Over time, the strain on the tendon causes structural changes within the tendon.
Overuse of the Achilles tendon can occur with activities such as:
- Increasing your speed or walking/running long distances too quickly
- Suddenly adding strenuous hills or stair climbing to your exercise routine
- Doing too much too soon after taking time away from exercising
- A sudden or violent contraction of the calf muscles, such as during an all-out sprint
- Running/walking too much.
Factors that may increase your risk of getting Achilles tendinopathy include:
- improper or badly worn footwear
- inflexibility of the calf muscles
- improper training program
- increased age
Symptoms of tendinopathy may include:
- Tenderness (usually just above the heel)
- stiffness that gradually eases as the tendon is warmed-up
- pain after activity that gradually worsens
- pain along the tendon during and/or after running/walking
- swelling or thickening in the area of the Achilles tendon
Conservative treatment for mid portion Achilles tendinopathy has been proven effective. One of the most supported conservative treatments is a specific exercise program described by Alfredson in 1998. Alfredson's model of eccentric heel drop exercises emphasizes the need for patients to complete an exercise protocol of 180 heel drops per day (3 sets of 15 with knee extended and knee bent to 45 degrees twice per day) despite pain in the tendon. If the patient experiences no tendon pain doing this program, the load is increased until the exercise provokes pain. This 12 week program has been proven successful in approximately 90% of those with mid-portion Achilles tendinopathy.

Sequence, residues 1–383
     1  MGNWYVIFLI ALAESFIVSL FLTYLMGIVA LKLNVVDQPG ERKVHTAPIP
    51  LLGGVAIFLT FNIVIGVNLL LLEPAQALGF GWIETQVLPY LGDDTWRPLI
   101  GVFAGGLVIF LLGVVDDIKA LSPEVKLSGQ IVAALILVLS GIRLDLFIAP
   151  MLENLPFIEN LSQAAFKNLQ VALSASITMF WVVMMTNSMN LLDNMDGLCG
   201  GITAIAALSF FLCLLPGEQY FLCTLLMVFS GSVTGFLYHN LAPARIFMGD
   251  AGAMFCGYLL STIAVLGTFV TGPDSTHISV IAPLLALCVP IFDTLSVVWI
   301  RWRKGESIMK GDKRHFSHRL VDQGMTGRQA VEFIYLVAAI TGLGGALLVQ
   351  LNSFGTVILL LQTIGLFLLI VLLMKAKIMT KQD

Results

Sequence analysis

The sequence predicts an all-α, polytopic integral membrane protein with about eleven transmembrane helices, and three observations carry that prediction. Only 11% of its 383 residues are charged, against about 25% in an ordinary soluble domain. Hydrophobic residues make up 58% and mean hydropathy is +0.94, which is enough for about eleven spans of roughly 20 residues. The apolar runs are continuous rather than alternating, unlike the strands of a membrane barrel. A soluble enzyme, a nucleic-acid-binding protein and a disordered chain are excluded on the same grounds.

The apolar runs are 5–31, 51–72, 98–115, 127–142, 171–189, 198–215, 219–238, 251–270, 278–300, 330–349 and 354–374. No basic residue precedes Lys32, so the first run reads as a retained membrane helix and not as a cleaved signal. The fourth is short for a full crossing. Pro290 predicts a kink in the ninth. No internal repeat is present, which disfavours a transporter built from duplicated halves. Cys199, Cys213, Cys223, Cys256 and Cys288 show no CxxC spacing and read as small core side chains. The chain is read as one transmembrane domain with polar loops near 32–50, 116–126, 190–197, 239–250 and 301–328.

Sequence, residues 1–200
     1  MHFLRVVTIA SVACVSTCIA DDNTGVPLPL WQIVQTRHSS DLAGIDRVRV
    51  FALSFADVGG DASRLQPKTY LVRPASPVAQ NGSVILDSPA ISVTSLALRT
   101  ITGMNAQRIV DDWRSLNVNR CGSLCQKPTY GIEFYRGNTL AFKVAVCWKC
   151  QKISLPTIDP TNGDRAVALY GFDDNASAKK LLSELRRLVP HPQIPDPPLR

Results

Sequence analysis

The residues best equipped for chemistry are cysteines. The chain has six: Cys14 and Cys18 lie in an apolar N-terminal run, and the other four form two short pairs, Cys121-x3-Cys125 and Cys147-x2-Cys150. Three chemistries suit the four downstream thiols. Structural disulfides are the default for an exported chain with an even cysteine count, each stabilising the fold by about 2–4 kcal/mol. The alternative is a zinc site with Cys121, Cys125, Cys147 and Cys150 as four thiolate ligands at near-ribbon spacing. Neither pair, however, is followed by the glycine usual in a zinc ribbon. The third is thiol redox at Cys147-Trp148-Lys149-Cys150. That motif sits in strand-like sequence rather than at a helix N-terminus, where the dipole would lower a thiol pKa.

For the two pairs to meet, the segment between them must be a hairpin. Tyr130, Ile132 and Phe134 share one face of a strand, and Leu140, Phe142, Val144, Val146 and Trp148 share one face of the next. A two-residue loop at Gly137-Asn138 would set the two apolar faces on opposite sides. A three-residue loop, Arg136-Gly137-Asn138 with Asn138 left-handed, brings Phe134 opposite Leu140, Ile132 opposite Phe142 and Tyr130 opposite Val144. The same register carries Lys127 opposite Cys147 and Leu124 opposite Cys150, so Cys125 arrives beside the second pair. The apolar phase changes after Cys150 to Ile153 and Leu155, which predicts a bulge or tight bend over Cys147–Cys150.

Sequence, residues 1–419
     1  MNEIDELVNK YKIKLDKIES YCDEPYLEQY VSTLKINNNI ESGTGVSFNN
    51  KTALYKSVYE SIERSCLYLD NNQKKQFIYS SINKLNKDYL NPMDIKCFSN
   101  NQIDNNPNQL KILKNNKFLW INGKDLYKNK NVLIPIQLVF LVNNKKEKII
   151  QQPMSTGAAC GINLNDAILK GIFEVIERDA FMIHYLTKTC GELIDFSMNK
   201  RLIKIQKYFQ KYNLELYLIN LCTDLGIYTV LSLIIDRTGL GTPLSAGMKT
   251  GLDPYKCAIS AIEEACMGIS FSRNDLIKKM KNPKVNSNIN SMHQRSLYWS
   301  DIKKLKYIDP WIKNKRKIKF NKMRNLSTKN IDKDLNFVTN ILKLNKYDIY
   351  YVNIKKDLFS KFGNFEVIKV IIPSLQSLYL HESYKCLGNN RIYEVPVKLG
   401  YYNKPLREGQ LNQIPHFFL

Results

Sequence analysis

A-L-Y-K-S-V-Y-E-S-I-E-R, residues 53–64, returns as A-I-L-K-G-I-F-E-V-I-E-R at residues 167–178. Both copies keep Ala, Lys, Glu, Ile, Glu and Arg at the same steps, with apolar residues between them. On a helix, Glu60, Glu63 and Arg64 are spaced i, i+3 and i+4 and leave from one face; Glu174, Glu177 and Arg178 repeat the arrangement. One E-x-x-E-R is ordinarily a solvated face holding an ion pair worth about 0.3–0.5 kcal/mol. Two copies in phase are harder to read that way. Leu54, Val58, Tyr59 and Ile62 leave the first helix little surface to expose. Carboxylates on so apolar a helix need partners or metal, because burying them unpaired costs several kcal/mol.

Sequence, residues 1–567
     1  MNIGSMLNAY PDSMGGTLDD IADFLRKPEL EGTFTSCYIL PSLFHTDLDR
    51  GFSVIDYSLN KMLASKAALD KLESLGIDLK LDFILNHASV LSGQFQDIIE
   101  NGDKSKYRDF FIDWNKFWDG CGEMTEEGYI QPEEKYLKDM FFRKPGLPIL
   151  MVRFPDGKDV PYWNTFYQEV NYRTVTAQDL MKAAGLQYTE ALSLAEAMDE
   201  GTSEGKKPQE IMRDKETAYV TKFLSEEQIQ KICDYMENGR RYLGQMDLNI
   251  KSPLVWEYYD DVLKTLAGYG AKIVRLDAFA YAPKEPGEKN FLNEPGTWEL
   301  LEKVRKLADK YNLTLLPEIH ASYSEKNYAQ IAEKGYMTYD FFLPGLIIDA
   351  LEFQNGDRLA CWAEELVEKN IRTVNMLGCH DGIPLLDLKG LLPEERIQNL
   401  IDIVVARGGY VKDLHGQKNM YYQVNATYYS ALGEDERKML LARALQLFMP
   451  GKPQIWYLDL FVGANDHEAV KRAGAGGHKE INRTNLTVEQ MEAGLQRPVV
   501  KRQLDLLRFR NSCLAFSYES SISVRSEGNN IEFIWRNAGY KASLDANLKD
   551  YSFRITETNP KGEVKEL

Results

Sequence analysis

In 2014 Stevens and Tann challenged this protocol by modifying the regime to a repetition volume that was tolerable to each participant. The new protocol used the same exercises as Alfredson but instructed the participants to do as many reps as was tolerable. Furthermore, they were told to exercise to discomfort but not excessive pain. Stevens and Tann compared this modified protocol to the standard 180 reps per day protocol over a 6 week period and found no difference between the groups, with both groups demonstrating improved function and reduced mid portion tendon pain. They concluded that patient tolerance of the exercise should be considered when determining proper dosage of eccentric heel drop exercises to address mid-portion Achilles tendinopathy.
Stevens, M., & Tan, C.-W. (2014, February). Effectiveness of the Alfredson protocol compared with lower repetition-volume protocol for midportion achilles tendinopathy: A randomized controlled trial. JOSPT, 44(2), 59-67.
Alfredson H, Pietlia T, Lorentzon R. Heavy Load eccentric calf muscle training for the treatment of chronic Achilles tendinosis. Am J Sports Med, 1998:26, p. 360-366.